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A large deciduous bush up to 15 ft or more high, of dense habit; young shoots very minutely downy or glabrous, grey, becoming brown later, often spine-tipped. Leaves, except on the young shoots, mostly clustered on short spurs or at the nodes, oblanceolate or oblong, pointed or bluntish, tapered at the base, shallowly round-toothed, 1 to 2 in. long, 1⁄4 to 1⁄2 in. wide; stalk slender, 1⁄2 in. or less long. Flowers solitary, stalkless, 1 in. wide, of a beautiful rosy pink, opening in March. Petals roundish-obovate; calyx-lobes fringed with pale hairs, otherwise glabrous; stamens white, with yellow anthers. Fruits described as 4⁄5 in. wide, covered with velvety down, the fleshy part merely a thin layer; according to Wilson it dehisces (splits), on which character one of its specific names is based. Bot. Mag., t. 9239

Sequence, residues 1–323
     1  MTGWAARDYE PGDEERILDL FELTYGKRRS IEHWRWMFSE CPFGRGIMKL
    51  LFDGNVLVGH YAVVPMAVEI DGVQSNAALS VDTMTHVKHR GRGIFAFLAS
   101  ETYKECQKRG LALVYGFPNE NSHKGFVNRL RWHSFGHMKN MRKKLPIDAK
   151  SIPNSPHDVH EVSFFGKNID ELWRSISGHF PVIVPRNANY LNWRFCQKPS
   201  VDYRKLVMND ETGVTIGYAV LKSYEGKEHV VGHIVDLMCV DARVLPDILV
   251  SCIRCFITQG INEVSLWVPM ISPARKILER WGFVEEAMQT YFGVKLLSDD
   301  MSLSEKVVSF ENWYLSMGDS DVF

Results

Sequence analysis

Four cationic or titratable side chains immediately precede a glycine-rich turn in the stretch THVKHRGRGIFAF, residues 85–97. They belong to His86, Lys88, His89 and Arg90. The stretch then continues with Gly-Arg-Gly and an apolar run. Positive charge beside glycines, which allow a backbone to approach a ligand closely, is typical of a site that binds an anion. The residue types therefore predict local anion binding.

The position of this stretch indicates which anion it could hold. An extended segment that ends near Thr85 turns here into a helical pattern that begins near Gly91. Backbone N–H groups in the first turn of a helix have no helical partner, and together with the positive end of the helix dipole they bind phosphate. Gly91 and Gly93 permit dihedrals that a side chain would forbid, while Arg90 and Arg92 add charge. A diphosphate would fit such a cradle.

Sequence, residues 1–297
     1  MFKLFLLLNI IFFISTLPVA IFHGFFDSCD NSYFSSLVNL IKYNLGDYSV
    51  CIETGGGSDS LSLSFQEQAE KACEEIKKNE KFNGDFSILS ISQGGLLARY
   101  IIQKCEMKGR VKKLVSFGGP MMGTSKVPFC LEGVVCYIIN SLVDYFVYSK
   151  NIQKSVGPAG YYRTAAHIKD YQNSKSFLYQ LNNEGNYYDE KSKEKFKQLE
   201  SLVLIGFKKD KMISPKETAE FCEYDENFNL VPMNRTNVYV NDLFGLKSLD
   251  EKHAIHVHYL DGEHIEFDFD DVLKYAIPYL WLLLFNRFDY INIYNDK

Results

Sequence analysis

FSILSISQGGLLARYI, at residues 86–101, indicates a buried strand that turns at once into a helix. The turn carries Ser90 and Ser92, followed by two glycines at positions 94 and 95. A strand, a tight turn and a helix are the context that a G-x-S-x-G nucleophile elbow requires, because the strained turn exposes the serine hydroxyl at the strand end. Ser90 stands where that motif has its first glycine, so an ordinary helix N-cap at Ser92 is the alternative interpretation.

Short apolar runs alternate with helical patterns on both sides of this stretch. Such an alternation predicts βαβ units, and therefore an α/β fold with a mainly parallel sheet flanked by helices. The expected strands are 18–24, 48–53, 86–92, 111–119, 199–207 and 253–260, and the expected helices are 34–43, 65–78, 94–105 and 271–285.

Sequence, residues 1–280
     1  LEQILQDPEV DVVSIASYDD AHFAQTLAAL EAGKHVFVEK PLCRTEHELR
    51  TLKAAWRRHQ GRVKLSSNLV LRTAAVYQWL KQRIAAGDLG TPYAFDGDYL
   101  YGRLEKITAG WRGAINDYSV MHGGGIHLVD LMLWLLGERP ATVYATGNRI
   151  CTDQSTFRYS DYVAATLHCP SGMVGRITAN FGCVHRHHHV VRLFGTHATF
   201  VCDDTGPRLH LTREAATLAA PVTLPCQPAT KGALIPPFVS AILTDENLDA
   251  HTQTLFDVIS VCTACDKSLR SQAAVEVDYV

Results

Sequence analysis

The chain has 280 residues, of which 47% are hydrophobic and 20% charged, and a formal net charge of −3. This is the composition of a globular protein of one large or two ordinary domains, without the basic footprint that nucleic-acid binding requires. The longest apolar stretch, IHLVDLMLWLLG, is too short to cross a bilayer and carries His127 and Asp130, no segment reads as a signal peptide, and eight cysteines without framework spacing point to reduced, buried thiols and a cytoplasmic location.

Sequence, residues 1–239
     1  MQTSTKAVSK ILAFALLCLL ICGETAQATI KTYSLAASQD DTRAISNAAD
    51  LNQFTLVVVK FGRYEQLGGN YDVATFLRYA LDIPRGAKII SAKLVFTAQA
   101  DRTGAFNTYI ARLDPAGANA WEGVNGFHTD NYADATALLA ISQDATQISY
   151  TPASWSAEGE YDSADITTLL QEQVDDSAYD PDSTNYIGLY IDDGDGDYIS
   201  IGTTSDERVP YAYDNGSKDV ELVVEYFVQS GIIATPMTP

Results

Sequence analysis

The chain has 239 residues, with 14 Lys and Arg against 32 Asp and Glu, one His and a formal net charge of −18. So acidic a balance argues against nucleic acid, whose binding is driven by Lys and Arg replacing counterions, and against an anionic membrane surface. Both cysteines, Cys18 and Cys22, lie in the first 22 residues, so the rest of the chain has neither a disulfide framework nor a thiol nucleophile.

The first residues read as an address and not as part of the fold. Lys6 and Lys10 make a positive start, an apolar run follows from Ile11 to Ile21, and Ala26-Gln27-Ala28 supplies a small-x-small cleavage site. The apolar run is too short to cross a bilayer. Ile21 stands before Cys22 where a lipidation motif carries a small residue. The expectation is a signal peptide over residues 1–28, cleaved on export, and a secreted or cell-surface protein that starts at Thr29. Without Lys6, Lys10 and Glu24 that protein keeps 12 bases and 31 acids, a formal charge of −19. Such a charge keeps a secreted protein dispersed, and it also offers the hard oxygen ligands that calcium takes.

A native of W. China; discovered in W. Kansu by the Russian explorer Potanin; introduced by Wilson in 1910 from the Sungpan valley, W. Szechwan, during his second expedition for the Arnold Arboretum and originally distributed under the name P. dehiscens. It is a beautiful species, very distinct in its bushy, twiggy mode of growth, but it has never spread into gardens. There are specimens at Highdown in Sussex and at Bodnant in North Wales, both raised from the seeds sent by Wilson.
Although classified as an almond, P. tangutica is one of the species linking the almonds with the peaches.